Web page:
What if, however, there was another answer?  What if a person could maintain their companionate marriage and all of the positive values it brings and also have a satisfying sex life? Obviously, this can be done if we throw away the monogamy requirement.  In fact, the emphasis on monogamy is nowhere as destructive as it is in this particular situation.  If a couple in a companionate marriage were to open their relationship, they could maintain their intimacy and the good parts of their marriage and, at the same time, both partners could have the kind of sex lives they want.  The person who wants little to no sex could continue having that with their original partner (or, if they wanted, another partner; although this isn’t likely given their inclinations) and the person who wasn’t sexually satisfied would be free to pursue more satisfying sexual encounters with others.  This could be done on a purely sexual level or it could evolve into polyamory, depending on what the couple wanted to do.  Through removing the monogamy requirement, the couple can end up having the best of both worlds.

Unfortunately, sometimes the partner who is less interested in sex won’t understand the desires of their partner who is more interested in sex and won’t want to open their relationship or engage in sex more frequently.  Sadly, often in our culture, with its christian taint, the person who was less interested in sex will take the moral high-ground and decry the sexuality of their partner and they can hold them hostage: neither having sex with them nor letting them satisfy their desires elsewhere.  This, I think, is completely unacceptable.  Sex is an important part of a human life and a person should not have to go without sex and its pleasures in order to conform to a cultural requirement whose only basis is superstition from an old book.  This is the situation I had in mind when I wrote “The Importance of Sexual Satisfaction.”  Sex is a normal and important part of a human life and a person should not have to suffer its deprivation.  In fact, lots of studies have shown that not having sex can actually lead to all sorts of illnesses including cancer, while having sex improves both our moods and our health.  Forcing your partner to go without sex literally harms them.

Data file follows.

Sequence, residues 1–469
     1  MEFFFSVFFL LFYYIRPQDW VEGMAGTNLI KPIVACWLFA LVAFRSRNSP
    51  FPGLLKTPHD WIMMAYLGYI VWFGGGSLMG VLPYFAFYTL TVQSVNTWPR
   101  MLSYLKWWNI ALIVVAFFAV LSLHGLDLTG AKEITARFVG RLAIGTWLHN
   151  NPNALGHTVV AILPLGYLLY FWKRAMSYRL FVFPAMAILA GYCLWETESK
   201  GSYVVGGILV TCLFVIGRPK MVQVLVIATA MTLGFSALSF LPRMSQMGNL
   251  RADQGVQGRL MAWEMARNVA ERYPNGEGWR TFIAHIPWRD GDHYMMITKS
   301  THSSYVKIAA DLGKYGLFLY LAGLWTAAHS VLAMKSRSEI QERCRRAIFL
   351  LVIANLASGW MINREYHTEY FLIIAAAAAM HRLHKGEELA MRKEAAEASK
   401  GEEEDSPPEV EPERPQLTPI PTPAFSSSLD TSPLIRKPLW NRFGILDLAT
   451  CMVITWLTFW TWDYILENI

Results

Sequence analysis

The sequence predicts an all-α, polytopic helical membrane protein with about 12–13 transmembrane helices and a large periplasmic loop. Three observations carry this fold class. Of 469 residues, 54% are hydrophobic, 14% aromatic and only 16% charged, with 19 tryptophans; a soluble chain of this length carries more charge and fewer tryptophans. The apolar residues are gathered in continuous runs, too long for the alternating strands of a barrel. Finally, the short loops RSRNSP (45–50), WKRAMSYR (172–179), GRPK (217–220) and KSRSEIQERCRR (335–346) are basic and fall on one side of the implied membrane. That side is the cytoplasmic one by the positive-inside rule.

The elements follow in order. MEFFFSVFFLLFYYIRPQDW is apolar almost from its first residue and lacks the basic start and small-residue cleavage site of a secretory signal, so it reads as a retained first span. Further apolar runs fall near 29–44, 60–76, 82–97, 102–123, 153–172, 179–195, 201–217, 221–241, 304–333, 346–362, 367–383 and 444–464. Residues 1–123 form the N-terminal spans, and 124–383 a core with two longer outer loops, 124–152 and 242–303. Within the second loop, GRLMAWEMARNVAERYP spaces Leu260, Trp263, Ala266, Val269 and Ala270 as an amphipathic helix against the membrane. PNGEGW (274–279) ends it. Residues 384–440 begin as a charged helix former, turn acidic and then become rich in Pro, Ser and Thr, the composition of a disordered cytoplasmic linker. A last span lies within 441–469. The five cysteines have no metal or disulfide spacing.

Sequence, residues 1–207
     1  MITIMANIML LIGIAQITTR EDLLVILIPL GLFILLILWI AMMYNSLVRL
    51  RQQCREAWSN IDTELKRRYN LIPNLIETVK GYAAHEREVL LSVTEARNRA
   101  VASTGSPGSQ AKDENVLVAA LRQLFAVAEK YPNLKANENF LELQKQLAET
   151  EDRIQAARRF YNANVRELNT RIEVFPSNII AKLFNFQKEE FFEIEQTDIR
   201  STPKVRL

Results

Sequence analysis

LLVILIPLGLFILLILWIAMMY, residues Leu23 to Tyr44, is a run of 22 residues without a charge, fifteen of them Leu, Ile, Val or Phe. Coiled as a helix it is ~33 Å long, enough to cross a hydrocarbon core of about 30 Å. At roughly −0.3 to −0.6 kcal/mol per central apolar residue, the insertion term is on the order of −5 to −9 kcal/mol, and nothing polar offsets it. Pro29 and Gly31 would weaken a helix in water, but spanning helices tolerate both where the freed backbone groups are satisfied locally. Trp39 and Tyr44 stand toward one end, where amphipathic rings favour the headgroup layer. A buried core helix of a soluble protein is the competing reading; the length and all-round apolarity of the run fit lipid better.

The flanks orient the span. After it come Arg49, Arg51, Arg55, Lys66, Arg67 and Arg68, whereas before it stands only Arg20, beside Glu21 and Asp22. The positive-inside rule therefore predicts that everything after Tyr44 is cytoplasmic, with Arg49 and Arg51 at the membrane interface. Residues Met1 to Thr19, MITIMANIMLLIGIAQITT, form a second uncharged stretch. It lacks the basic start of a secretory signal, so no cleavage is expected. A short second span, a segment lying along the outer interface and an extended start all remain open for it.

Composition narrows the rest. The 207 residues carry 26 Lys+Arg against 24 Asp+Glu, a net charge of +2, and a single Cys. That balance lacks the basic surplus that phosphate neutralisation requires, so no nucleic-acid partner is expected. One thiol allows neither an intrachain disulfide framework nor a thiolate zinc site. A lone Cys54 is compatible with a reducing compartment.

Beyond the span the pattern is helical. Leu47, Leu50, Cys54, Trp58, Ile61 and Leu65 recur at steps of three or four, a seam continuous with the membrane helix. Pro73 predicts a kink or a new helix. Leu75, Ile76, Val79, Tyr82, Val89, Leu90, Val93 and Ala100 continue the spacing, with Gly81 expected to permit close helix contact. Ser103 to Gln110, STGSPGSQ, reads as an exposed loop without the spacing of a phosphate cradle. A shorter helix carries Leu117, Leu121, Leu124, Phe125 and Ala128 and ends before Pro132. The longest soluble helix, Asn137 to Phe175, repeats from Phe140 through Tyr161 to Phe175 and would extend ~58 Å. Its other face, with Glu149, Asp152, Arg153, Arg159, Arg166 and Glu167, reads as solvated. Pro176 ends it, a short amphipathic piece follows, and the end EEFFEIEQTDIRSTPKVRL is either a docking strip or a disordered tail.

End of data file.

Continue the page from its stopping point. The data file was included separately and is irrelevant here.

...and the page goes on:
If our culture were more sex-positive, then answer here is obviously non-monogamy.  However, even in our culture, a person can still refuse to give up the moral high ground and should openly talk to their partner about the options.  Realistically there are only two: non-monogamy or dissolving the relationship.  In most cases companionate marriages start out as romantic marriages and slowly evolve over time as passions cool, jobs take precedence, kids are born, etc.  To me it makes no sense to throw away a happy marriage, a stable household, your children’s other parent, your shared past, and all the rest, only for the sake of maintaining monogamy.  And this is why a companionate marriage that is sexually open can be the ideal solution in certain contexts: even if it isn’t the abstract optimal condition, it might still be the best option open in a person’s real life.

So, far from decrying the companionate marriage, I think that the companionate marriage can end up working quite well for some couples, especially if the couple sheds their pre-conceived notions of what a “proper relationship” should look like and they look to their real lives and how to achieve their happiness in the real world.

Erosophia Podcast #3: The Morality of Oral Sex


In this episode of the newly relaunched Erosophia Podcast, Jason, William, Devin, and Joia talk about the morality of oral sex.